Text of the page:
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FL - NeurIPS 2019 : The 2nd International Workshop on Federated Learning for Data Privacy and Confidentiality (in Conjunction with NeurIPS 2019)


When Dec 13, 2019 - Dec 13, 2019
Where West 118–120 Vancouver Convention Center
Submission Deadline Sep 9, 2019
Notification Due Sep 30, 2019
Categories    machine learning   artificial intelligence   federated learning   data privacy

Call For Papers

FL-NeurIPS 2019 Workshop Program

Date: Friday, 13 December, 2019
Venue: West 118 – 120, Vancouver Convention Center, Vancouver, Canada

08:55 – 09:00 | Opening Remarks by Lixin Fan

09:00 – 09:30 | Invited Talk by Qiang Yang
Title: Federated Learning in Recommendation Systems
09:30 – 10:00 | Invited Talk by Ameet Talwalkar
Title: Personalized Federated Learning

10:00 – 10:30 | Tea Break & Poster Exhibition
10:30 – 11:00 | Invited Talk by Max Welling
Title: Ingredients for Bayesian, Privacy Preserving, Distributed Learning
11:00 – 11:30 | Invited Talk by Dawn Song
Title: Decentralized Federated Learning with Data Valuation

Session 1. Effectiveness and Robustness
11:30 – 11:40 | Paul Pu Liang, Terrance Liu, Liu Ziyin, Russ Salakhutdinov and Louis-Philippe Morency. Think Locally, Act Globally: Federated Learning with Local and Global Representations
11:40 – 11:50 | Daniel Peterson, Pallika Kanani and Virendra Marathe. Private Federated Learning with Domain Adaptation
11:50 – 12:00 | Daliang Li and Junpu Wang. FedMD: Heterogeneous Federated Learning via Model Distillation
12:00 – 12:10 | Yihan Jiang, Jakub Konečný, Keith Rush and Sreeram Kannan. Improving Federated Learning Personalization via Model Agnostic Meta Learning

12:10 – 13:30 | Lunch & Poster Exhibition

13:30 – 14:00 | Invited Talk by Daniel Ramage
Title: Federated Learning at Google – Systems, Algorithms, and Applications in Practice
14:00 – 14:30 | Invited Talk by Francoise Beaufays
Title: Applied Federated Learning – What it Takes to Make it Happen, and Deployment in GBoard, the Google Keyboard

Session 2: Communication and Efficiency
14:30 – 14:40 | Jianyu Wang, Anit Sahu, Zhouyi Yang, Gauri Joshi and Soummya Kar. MATCHA: Speeding Up Decentralized SGD via Matching Decomposition Sampling
14:40 – 14:50 | Sebastian Caldas, Jakub Konečný, H. Brendan Mcmahan and Ameet Talwalkar. Mitigating the Impact of Federated Learning on Client Resources
14:50 – 15:00 | Yang Liu, Yan Kang, Xinwei Zhang, Liping Li and Mingyi Hong. A Communication Efficient Vertical Federated Learning Framework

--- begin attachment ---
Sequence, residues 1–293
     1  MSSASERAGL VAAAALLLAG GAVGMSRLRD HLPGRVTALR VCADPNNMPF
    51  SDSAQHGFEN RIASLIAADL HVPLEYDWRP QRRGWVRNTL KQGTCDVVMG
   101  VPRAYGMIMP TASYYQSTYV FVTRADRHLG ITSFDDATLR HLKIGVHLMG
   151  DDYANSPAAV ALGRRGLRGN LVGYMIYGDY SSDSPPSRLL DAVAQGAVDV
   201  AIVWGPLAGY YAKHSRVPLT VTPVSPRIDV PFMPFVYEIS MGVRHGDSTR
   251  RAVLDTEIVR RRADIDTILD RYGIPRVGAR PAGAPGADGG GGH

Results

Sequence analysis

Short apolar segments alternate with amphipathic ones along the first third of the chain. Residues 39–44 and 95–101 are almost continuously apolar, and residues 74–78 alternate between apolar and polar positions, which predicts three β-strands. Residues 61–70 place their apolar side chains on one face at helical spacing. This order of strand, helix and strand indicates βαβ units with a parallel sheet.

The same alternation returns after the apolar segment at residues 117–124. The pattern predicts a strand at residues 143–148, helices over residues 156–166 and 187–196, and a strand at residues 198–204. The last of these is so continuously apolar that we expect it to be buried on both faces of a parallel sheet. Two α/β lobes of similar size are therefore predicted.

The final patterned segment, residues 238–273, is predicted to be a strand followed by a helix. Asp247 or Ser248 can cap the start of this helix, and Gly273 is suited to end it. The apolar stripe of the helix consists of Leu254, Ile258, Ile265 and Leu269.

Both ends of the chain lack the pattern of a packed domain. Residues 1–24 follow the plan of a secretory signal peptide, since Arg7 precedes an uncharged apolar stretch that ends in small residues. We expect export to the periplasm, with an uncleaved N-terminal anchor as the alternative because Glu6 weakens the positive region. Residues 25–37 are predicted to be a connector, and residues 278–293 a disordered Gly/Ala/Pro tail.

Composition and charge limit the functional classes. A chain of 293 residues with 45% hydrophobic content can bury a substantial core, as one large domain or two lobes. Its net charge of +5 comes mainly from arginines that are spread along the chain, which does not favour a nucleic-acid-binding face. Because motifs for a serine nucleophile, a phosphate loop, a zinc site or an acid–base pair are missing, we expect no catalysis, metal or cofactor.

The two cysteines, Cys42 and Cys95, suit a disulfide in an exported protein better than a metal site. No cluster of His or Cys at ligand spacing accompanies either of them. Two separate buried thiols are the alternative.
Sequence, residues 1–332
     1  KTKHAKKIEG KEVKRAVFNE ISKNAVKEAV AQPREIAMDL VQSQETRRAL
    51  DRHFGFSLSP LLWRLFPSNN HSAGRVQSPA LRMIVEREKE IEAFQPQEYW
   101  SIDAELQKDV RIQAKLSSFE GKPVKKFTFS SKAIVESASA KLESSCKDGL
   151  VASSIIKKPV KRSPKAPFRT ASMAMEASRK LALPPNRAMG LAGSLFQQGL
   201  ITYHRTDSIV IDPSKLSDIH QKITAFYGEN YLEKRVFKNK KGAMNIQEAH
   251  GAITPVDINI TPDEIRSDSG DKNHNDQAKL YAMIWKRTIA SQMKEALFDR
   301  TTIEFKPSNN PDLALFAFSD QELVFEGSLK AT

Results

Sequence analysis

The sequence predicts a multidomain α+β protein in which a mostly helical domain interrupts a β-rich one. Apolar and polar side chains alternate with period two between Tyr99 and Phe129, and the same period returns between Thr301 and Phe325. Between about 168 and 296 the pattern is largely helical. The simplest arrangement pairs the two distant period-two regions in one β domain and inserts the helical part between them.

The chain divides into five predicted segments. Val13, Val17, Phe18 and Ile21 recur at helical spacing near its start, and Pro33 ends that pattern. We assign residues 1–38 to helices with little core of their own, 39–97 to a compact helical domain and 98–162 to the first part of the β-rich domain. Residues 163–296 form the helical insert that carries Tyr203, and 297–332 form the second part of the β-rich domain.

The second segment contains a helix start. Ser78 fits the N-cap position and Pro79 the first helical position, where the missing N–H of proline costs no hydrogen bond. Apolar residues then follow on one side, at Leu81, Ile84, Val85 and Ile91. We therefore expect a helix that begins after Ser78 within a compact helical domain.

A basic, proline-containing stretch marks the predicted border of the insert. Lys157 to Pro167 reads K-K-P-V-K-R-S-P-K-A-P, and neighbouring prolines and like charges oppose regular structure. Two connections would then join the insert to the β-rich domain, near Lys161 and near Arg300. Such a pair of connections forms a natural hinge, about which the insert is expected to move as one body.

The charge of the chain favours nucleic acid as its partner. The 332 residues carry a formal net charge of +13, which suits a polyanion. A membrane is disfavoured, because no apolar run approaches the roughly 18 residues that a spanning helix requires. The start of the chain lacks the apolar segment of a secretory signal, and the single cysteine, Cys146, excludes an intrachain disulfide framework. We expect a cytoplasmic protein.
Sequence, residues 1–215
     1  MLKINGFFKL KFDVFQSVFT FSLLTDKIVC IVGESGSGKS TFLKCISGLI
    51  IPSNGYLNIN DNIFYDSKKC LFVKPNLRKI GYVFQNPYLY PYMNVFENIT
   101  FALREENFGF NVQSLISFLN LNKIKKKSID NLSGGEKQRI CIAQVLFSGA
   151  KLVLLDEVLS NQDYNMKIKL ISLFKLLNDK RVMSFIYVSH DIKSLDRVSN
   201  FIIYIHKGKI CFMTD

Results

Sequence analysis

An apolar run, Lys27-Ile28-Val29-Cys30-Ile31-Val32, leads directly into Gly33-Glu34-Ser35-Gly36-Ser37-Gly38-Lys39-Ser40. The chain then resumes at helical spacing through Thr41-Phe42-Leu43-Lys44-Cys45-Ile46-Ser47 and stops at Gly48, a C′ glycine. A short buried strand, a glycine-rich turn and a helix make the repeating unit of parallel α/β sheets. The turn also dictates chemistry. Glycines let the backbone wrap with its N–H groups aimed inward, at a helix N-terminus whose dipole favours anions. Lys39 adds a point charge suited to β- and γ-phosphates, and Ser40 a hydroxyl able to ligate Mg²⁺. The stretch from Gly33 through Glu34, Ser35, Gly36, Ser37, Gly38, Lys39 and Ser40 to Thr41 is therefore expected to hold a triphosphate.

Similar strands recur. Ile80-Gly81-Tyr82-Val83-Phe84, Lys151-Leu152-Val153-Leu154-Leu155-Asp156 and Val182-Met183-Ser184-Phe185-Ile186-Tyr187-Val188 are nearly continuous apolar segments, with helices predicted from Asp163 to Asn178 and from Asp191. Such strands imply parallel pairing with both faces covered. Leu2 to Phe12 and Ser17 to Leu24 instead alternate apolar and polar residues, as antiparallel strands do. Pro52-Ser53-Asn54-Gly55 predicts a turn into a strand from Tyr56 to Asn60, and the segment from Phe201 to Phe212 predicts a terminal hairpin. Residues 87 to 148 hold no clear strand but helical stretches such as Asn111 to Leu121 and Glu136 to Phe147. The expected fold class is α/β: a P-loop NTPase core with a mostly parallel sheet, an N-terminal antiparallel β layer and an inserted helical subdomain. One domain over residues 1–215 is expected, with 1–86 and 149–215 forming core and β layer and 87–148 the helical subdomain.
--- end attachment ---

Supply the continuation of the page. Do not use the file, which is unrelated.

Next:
15:00 – 15:10 | Ahmed Khaled, Konstantin Mishchenko and Peter Richtárik. Better Communication Complexity for Local SGD

15:10 – 15:30 | Tea Break & Poster Exhibition
15:30 – 16:00 | Invited Talk by Raluca Ada Popa
Title: Helen: Coopetitive Learning for Linear Models
16:30 – 17:00 | Invited Talk by Yiqiang Chen
Title: FOCUS: Federated Opportunistic Computing for Ubiquitous Systems

Session 3. Privacy and Fairness
17:00 – 17:10 | Xin Yao, Tianchi Huang, Rui-Xiao Zhang, Ruiyu Li and Lifeng Sun. Federated Learning with Unbiased Gradient Aggregation and Controllable Meta Updating
17:10 – 17:20 | Zhicong Liang, Bao Wang, Stanley Osher and Yuan Yao. Exploring Private Federated Learning with Laplacian Smoothing
17:20 – 17:30 | Tribhuvanesh Orekondy, Seong Joon Oh, Yang Zhang, Bernt Schiele and Mario Fritz. Gradient-Leaks: Understanding Deanonymization in Federated Learning
17:30 – 17:40 | Aleksei Triastcyn and Boi Faltings. Federated Learning with Bayesian Differential Privacy

17:40 – 18:00 | Panel Discussion (Mediated by: Qiang Yang)
1. Yiqiang Chen, Professor, Institute of Computing Technology, Chinese Academy of Sciences
2. Boi Faltings, Professor, EPFL, AAAI Fellow
3. Chunyan Miao, Professor, Chair, School of Computer Science and Engineering, Nanyang Technological University, Singapore
4. Daniel Ramage, Research Scientist, Google Research
5. Dawn Song, Professor, University of California, Berkeley
6. Max Welling, Professor, University of Amsterdam; VP Technologies, Qualcomm

18:00 – 18:05 | Closing Remarks by Brendan McMahan

End of the Workshop

Proceed to Reception Venue:

Vancouver Marriott Pinnacle Downtown Hotel, Level 3 Pinnacle Ball Room

19:00 – 21:00 | WeBank AI Night, Reception & Award Ceremony

19:00 – 19:10 | Welcome Speech by WeBank CAIO Prof Qiang Yang
19:10 – 19:30 | WeBank and MILA Partnership Announcement
19:30 – 19:50 | WeBank and Tencent Partnership Announcement
19:50 – 20:10 | FL-NeurIPS 2019 Award Ceremony